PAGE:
We had already determined that we would not attempt this on her actual birthday, which fell on a Saturday, since it was very crowded that night. Instead, we would go on Monday night and make this our last great adventure in Paris. (We would be returning to Amsterdam on Tuesday.)

There’s a miracle story here, but let me share another one first.

To understand why I call these “miracle stories,” let me quote Rick Steves, in his [mostly] very helpful book “Easy Access Europe.”

“Unfortunately, Paris … has a few sights that are best left to non-disabled travelers (or more adventurous slow walkers): … Sainte-Chapelle upstairs chapel … the top level of the Eiffel Tower ….”

We were happy to prove him wrong, with the help of kind strangers!

Earlier in the day, after visiting both the Louvre and Musee d’Orsay — yes, it was a VERY busy day! — Carrieanna and I took a taxi to the Ile de la Cité, to see the beautiful stained glass at Sainte-Chapelle.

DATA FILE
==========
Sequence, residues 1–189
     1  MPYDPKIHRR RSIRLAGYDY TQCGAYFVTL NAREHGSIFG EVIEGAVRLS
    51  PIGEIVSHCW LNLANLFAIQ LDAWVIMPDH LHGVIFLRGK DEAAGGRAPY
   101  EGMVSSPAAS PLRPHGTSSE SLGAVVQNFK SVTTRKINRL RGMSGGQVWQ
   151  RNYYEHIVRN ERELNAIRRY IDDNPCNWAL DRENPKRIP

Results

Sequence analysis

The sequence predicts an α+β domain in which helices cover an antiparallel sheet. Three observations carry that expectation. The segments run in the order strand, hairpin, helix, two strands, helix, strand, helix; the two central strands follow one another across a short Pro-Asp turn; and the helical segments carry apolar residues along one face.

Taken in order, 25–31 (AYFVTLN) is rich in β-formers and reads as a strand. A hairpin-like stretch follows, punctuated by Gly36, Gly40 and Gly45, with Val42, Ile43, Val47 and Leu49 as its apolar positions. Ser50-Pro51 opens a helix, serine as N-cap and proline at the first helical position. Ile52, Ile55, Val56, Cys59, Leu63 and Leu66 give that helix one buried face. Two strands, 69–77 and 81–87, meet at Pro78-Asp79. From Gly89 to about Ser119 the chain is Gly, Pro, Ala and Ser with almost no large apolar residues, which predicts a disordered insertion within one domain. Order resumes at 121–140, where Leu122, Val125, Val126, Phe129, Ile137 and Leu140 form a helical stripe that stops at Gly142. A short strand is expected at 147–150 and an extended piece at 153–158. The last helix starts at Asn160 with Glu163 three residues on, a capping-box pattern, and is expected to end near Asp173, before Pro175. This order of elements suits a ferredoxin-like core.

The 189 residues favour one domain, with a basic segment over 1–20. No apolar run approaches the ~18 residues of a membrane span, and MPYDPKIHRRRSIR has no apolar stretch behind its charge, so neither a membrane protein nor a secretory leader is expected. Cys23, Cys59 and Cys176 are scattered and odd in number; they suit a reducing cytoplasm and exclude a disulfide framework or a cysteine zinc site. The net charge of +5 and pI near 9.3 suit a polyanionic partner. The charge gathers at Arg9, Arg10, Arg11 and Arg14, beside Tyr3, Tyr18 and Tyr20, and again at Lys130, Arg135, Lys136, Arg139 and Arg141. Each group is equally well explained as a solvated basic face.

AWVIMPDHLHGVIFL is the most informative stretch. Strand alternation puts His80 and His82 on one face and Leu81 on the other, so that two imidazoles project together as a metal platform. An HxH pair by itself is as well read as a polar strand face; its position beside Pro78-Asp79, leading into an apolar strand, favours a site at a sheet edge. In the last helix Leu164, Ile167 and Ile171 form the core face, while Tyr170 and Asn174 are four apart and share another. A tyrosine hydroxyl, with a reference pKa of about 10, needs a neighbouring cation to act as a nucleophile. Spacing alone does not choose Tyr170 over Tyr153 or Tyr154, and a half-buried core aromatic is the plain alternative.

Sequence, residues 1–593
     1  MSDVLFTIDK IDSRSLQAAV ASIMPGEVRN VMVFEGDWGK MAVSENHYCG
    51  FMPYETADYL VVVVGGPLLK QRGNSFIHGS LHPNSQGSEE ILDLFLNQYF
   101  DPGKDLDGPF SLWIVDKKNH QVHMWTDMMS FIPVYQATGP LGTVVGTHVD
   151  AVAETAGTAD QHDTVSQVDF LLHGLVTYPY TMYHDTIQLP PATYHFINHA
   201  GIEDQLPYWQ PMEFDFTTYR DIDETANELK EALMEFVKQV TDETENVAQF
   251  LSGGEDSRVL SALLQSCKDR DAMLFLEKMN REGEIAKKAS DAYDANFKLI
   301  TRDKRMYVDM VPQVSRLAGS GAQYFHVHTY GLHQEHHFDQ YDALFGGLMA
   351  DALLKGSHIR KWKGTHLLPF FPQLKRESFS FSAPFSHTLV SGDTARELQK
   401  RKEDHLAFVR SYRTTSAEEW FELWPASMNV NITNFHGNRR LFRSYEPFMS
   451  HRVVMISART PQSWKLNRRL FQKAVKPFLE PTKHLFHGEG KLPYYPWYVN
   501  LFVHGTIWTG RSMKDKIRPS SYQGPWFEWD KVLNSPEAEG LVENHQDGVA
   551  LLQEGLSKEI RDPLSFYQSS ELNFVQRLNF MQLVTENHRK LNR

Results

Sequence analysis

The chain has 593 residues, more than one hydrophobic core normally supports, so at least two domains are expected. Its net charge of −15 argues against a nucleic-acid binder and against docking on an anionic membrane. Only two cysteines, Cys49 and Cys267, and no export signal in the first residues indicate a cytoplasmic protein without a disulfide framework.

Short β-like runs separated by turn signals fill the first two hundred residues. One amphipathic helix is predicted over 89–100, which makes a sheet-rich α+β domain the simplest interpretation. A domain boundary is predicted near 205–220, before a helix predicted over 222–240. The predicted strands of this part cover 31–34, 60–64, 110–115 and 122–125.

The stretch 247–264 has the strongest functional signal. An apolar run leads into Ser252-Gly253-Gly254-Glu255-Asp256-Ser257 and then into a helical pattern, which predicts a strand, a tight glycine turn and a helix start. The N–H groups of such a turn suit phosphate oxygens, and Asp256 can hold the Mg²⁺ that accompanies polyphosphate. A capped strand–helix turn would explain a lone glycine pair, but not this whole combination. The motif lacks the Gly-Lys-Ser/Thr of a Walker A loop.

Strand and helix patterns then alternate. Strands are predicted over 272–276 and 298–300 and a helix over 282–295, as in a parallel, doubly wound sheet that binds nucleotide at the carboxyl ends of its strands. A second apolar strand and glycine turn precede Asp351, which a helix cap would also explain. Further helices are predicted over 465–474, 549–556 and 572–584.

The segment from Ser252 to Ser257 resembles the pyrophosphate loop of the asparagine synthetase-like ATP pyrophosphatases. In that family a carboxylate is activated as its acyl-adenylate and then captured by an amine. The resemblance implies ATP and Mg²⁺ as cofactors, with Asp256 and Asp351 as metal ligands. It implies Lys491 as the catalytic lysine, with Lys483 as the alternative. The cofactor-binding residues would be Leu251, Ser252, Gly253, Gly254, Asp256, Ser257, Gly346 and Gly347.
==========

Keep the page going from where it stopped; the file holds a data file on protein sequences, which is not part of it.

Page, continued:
“The interior of this 13th-century chapel is a triumph of Gothic church architecture. Built to house Jesus’ Crown of Thorns, Sainte-Chapelle is jam-packed with stained-glass windows, bathed in colorful light ….”

“… climb the stairs into the sanctuary, where more than 1,100 Bible scenes – from the Creation to the Passion to Judgment Day – are illustrated by light and glass.”

Sainte-Chapelle, Paris, France 2009

“Unfortunately, the upstairs chapel (with the stained-glass windows) can be reached only by climbing a narrow spiral staircase.”

Umm, maybe. Unless you encounter a kind ticket attendant, who was a charmed by Carrieanna’s smile and offered to take us the back way (which included a tiny construction elevator and a keyed door).